I like corn and oats. I like wheat and rice, too. However, why stop when there are so many other grains and seeds that offer high quality protein and fiber? They are inexpensive and nutritious

They might not be sold at every grocery store, but look around and experience some of the ancient grains that are available. Health food stores are a good place to start. On-line specialty shops often carry unique and hard to find items. Many of these grains can be found in flour, pasta, cereals and breads.

Ancient grains derive their name from the fact that they symbolize some of the earliest plants utilized by our ancestors. As modern day Americans, we can be squeamish to try new things. These old grains are very new and unusual to us.

You might be pleasantly surprised to find they taste great and are very versatile! They offer an easy substitution for rice, wheat, corn and oats in your favorite dishes. By consuming ancient grains, you will easily meet the U.S. Department of Agriculture’s dietary guidelines of 3 ounces whole grain each day.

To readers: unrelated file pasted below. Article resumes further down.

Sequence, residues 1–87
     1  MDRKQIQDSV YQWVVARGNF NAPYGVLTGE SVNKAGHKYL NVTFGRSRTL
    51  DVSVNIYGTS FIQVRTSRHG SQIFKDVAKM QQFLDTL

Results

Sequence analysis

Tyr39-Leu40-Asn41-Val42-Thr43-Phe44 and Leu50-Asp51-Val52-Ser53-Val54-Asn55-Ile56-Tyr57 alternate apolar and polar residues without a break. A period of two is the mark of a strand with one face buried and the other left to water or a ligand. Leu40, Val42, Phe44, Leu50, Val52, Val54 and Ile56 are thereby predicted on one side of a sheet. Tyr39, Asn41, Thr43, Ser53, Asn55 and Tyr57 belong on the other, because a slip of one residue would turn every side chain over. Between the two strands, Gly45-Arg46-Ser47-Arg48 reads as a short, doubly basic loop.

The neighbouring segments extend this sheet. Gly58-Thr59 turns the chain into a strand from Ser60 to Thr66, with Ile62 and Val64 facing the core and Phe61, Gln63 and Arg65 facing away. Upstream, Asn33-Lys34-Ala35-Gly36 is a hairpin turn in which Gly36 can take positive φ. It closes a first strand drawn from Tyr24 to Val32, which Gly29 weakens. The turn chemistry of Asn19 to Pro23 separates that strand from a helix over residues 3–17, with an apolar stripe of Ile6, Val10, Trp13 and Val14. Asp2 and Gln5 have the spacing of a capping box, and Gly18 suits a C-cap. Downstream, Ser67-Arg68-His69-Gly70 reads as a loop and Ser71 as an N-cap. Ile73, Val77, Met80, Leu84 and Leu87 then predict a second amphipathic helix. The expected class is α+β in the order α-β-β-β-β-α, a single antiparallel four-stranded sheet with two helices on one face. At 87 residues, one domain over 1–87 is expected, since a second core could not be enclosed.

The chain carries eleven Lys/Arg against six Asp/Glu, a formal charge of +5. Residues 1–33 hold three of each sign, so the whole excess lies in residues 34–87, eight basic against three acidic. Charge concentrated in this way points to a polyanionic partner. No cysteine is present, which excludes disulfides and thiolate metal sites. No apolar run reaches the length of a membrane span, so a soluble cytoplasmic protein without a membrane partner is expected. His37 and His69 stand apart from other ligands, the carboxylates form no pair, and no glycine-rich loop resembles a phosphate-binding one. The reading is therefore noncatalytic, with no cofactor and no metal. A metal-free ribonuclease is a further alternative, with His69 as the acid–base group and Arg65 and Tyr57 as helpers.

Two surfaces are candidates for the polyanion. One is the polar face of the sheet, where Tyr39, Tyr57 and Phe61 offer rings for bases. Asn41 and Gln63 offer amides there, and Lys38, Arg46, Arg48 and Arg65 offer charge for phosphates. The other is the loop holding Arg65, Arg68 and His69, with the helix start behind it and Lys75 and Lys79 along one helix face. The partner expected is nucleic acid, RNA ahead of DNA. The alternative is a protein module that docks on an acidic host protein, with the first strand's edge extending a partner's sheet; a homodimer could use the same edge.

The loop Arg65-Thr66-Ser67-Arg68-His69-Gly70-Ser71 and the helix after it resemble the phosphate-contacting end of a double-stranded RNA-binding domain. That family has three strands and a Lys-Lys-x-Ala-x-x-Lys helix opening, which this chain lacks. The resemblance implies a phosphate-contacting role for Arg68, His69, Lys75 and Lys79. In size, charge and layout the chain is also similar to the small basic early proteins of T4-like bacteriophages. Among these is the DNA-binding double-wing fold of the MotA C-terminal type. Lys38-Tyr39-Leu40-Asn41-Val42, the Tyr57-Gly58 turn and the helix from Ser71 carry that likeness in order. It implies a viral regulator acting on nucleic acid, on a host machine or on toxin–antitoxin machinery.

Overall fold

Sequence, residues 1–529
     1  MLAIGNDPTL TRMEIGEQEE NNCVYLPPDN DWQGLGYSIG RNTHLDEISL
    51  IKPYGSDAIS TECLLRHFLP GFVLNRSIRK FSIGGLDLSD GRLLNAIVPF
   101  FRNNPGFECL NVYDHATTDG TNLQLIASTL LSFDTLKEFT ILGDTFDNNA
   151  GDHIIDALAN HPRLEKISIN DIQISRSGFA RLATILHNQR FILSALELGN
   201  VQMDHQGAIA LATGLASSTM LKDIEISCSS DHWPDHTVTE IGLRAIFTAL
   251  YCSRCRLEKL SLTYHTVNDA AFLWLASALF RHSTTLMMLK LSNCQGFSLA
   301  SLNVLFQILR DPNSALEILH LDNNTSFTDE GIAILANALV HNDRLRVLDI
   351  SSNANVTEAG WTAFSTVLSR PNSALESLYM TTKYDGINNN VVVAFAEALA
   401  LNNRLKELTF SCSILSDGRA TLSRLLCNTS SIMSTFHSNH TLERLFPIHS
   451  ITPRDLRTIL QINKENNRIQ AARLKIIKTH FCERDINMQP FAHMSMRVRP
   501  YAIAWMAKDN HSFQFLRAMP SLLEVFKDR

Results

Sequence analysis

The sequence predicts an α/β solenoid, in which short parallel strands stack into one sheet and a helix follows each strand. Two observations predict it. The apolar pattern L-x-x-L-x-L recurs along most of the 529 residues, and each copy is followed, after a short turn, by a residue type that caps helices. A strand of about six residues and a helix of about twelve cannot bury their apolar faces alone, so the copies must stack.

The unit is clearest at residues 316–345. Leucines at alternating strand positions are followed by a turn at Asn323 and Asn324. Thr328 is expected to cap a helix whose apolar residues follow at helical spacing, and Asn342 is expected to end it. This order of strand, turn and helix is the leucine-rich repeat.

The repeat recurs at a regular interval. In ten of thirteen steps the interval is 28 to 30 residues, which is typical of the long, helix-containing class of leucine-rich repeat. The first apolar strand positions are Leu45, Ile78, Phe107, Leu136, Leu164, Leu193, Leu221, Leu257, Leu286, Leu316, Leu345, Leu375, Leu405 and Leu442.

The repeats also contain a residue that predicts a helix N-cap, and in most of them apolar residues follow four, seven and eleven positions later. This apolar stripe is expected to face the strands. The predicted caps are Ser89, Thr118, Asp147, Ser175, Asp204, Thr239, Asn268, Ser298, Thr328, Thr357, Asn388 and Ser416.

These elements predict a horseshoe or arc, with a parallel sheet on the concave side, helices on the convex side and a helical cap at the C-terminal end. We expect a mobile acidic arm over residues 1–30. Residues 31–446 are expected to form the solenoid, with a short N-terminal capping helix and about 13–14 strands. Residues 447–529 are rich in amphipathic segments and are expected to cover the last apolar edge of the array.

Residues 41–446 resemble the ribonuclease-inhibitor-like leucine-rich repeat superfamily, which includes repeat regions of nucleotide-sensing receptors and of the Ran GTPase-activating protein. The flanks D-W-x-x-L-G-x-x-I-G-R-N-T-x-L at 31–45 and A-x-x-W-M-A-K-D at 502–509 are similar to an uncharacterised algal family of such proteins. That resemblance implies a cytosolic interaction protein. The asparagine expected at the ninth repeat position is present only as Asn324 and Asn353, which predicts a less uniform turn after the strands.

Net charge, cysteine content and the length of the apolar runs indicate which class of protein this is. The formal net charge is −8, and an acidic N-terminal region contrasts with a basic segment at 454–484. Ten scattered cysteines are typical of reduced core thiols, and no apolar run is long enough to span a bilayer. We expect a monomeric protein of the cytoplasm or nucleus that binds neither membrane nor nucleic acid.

• Sorghum is a buttery colored, round grain. It is used widely in Africa and India. A popular flatbread called chapatis is made from this grain. It is high in niacin and phosphorous.
  • Rye is one you have heard of, but have you tried it? Rye offers a distinctive and strong flavor. It is high in many key nutrients: iron, magnesium, phosphorous, riboflavin and zinc.
  • Millet is regularly added to soups and baked in breads. Many emerging countries count on millet as a staple of their diet. It is sweet and mild. Did you know that it can also be popped and eaten like popcorn?
  • Quinoa is a seed that is now gaining well deserved popularity. It tastes amazing, cooks quickly and can be easily substituted for couscous in many dishes. Soaking the seeds for about twenty minutes in cool water and then rinsing before cooking will leach out any residual bitterness.
  • Buckwheat is not wheat. The name can be misleading (especially to those with wheat sensitivities). A native to Southeast Asia, buckwheat can be cooked like oatmeal. It can be baked into noodles, pancakes, or breads. It can be added to salads and a variety of hearty dishes.
Lifetime Adoption
Written by Lifetime Adoption

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